French crowdfunding in crisis
After 5 years of boom the crowdfunding sector has reached the limits of its development. What’s the next step?
“Growth is still an important issue for us, but it’s true that the market has stabilized”. Ulule is one of the leaders of the French crowdfunding sector, together with KissKissBankBank. And the nostalgia regarding the last years where sales revenues doubled on each balance sheet is big – and yet, with an annual growth between 15 and 20%, their success doesn’t seem seriously challenged.
These figures illustrate the current state in the French crowdfunding business. The concept has reached its public and has been incorporated into the customer’s habits. A handful of websites dominate a market which seems to have reached its limits. However, the initial boom is over and newcomers whose offer is not innovative enough are threantened to disappear. Even more so because the crowdfunding market is by definition a field where places are scarce.
“The viability of crowdfunding is based on the visibility of the projects. The most popular websites are the ones with the most clicks and thus attract more people who are willing to donate for projects which they are interested in”
“The viability of crowdfunding is based on the visibility of the projects. The most popular websites are the ones with the most clicks and thus attract more people who are willing to donate for projects which they are interested in. A site which lacks visibility won’t provide sufficient fundings for its projects and it will be less used than others. It’s a vicious circle”, as one explains at Ulule. The French market with two companies sharing the market seems similar to the American market two years ago when apart from Kickstarter and Indiegogo no one else could enter the game.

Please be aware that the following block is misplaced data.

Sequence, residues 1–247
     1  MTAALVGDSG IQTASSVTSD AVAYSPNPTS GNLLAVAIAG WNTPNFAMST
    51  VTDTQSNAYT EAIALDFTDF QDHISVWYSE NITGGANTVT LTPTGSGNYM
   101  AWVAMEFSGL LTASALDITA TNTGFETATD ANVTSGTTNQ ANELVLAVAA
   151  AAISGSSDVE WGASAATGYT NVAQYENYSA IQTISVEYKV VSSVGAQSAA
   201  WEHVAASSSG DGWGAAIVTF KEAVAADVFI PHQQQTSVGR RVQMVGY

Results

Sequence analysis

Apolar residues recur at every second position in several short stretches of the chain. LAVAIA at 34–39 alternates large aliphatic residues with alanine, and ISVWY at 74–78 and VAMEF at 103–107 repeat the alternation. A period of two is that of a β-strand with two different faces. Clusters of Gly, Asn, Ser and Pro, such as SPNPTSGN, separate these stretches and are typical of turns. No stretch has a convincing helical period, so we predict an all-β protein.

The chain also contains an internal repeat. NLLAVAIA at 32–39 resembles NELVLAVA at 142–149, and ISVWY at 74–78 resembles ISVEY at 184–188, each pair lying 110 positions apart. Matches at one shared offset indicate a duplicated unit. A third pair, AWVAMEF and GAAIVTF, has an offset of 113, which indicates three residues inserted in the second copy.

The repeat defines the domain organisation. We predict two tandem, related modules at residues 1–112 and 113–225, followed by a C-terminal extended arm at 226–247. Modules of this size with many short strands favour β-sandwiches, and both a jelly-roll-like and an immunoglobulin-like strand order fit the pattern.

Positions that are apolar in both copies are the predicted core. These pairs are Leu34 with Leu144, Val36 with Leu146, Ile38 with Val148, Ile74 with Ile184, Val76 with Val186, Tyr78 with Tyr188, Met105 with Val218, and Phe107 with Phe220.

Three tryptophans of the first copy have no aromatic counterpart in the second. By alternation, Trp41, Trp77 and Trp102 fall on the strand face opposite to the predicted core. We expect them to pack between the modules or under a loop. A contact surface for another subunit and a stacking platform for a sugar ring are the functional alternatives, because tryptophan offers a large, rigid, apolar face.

Creating market niches to surviveAs a result, new companies have to create their own market niches in order to survive. Some of them have specialized in the real estate sector, others focus on the film industry or, even more original, they only feature projects of female entrepreneurs such as MoolaHoop. This exclusivity enables the websites to target a specific audience. However, this still presents a risk. The website MyMajorCompany, which also focused on music projects, had to give up other types of projects.
In France the last Eldorado of crowdfunding may be the field of participative loans. The model has been legalized in 2014 and gives private people the right to play ‘business angels’ and to loan money to start-ups just as banks would do.
Unlike the classic crowdfunding model pursued by Kickstarter, Ulule or KissKissBankBank , the participative loans principle is meant to grant the profitability of the investment. New websites such as Wiseed and SmartAngels have emerged by dozens after the market opening and their growth rates in terms of number of projects and of the amount of the raised funds are impressing. But similarly to their predecessors the fat years could be over soon and the market is likely to shrink down to one or two websites with a strong visibility. And again, newcomers will have to innovate in order to survive...
Crédits photo : DR